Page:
The Weekend Read: Dr Andy Dougan on Glasgow’s cinema history


A Glasgow cinema with a koi carp pool, palm court foyer and a chamber ensemble? Dr Andy Dougan, RCS lecturer in Film Studies, isn’t missing the multiplex but he does pine for the picture houses of the past.

It came as no surprise that cinemas were among the first casualties of the new normal in which we find ourselves; all those people gathered in the dark is hardly conducive to social distancing. What did come as a surprise is how little I have missed them. Going to the pictures is far down the list of things I’m pining for.

Dr Andy Dougan, lecturer in Film Studies at the Royal Conservatoire of Scotland

As someone who went to his first cinema almost 60 years ago, I was a little taken aback by that. On reflection however I find that, to paraphrase a well-worn political cliché, it’s not me that has changed it’s the cinemas. Cinema-going has become purely transactional now; we pay, they screen. That is both a blessing and a curse and may yet change the nature of our relationship with the multiplex.

In short, cinema-going has lost its magic for me; there is no sense of eventfulness in going to the cinema anymore. It’s all about the movie when it used to be all about the experience.

I researched early cinema in Glasgow for my PhD thesis and one of the pleasures of that work was in recalling my own memories of having visited venues which had been there from around 1910 until, in some cases, the present day while they were still functioning cinemas.

The buildings remain but they have now been repurposed. A game I play with myself whenever I’m in a new town or city is to wander along main streets to see if I can spot the buildings that used to be cinemas the architecture is a dead giveaway.

These were more than just receptacles for the screening of moving pictures. These were spaces which resonate strongly in our collective cultural memory. The American academic Robert C. Allen has written extensively on the movie-going experience and in his view the theatre was often more important than what was screening. This was especially true in the days when going to the cinema was a habit and programmes changed twice or three times a week.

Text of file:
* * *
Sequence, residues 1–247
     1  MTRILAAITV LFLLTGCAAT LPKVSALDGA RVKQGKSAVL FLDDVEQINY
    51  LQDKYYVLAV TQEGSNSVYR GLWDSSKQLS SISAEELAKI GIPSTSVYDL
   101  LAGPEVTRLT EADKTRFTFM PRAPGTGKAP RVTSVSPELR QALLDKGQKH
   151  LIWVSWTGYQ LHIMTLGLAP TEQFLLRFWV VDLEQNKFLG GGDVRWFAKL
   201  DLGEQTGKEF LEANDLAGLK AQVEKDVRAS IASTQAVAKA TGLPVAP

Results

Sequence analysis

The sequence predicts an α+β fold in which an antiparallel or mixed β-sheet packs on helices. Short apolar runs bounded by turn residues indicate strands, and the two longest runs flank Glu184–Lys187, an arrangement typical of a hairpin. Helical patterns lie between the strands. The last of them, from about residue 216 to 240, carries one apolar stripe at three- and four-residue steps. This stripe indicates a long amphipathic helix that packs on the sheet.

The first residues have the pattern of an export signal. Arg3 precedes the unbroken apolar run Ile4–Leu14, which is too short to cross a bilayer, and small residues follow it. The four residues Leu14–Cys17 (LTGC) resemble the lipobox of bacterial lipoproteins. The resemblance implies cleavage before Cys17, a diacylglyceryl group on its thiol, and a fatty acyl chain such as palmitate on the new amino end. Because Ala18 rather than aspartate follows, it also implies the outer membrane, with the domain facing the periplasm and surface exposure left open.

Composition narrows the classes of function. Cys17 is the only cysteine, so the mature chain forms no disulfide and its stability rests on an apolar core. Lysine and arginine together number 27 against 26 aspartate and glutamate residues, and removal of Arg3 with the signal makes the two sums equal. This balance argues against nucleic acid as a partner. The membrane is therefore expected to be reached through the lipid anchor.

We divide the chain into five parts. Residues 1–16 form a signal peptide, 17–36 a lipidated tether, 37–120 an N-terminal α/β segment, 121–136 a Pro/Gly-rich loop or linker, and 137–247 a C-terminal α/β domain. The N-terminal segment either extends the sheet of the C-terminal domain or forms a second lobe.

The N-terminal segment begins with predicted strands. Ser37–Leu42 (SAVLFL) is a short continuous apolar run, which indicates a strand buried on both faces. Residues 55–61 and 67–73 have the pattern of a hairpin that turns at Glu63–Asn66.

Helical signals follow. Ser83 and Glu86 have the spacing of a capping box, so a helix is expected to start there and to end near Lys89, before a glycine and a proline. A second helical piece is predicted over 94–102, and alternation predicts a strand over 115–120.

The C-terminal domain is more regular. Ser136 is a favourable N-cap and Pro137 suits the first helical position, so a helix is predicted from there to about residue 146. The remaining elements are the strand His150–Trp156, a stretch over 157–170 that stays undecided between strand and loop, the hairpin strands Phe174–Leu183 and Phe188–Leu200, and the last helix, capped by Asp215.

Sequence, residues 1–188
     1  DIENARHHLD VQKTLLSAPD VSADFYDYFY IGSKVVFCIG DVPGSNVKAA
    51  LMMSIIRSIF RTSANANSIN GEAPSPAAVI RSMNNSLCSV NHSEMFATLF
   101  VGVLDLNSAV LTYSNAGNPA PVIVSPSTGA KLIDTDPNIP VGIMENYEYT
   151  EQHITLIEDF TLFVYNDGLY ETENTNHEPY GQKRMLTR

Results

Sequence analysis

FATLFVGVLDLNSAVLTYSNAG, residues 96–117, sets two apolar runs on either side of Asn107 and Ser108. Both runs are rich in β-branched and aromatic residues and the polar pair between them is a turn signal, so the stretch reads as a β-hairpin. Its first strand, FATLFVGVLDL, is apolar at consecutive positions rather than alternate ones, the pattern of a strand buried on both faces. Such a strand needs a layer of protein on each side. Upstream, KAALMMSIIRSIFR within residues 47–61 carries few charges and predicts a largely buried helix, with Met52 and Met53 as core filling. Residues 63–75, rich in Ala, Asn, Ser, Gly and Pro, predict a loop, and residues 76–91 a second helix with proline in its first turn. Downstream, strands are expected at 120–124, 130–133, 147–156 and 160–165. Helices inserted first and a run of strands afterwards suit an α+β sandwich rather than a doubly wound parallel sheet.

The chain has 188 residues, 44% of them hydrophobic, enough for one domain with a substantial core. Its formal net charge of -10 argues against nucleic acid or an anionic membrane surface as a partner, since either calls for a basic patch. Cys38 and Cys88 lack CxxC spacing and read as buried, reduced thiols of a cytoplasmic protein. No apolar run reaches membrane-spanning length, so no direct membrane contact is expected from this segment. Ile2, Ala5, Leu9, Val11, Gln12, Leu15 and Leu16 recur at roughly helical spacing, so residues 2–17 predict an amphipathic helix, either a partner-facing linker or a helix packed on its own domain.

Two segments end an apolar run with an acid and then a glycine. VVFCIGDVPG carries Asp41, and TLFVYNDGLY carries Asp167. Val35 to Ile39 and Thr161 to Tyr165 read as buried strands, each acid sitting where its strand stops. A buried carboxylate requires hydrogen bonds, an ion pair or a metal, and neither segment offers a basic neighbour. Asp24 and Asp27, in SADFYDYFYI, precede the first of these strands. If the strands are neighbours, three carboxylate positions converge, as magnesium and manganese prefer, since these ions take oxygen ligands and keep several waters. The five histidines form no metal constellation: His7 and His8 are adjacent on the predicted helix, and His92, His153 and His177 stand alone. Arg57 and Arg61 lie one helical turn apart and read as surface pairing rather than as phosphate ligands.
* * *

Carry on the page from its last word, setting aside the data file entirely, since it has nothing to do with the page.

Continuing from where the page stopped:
The Picture House, Sauchiehall Street

Take the Picture House in Sauchiehall Street for example (above). It featured liveried staff in a palm court foyer with a koi carp pool and a chamber ensemble; and all this was before you had even got into the exhibition space. When it opened in 1910 it was the last word in luxury.

This is what Allen means by the movie-going experience. It is the transformation out of the mundane, the transportation from tenement streets to a world of faux opulence and imagined luxury. The feeling that, for a few hours at least, we were in a dreamscape all our own.

Everything played its part. The cinema pianist or organist and for grander venues an orchestra was essential to creating the mood along with appropriately ambient lighting. The projectionist played a big part too.

The classic Hollywood narrative is an immersive experience; full frame, wide screen, and deep focus, based on the conceit that the audience should never see a blank screen. So, the music would stop, the lights would dim, and the curtains would part, but only a few seconds after the projector had started so the first thing the audience saw was a studio logo as an introduction to a world of wonder.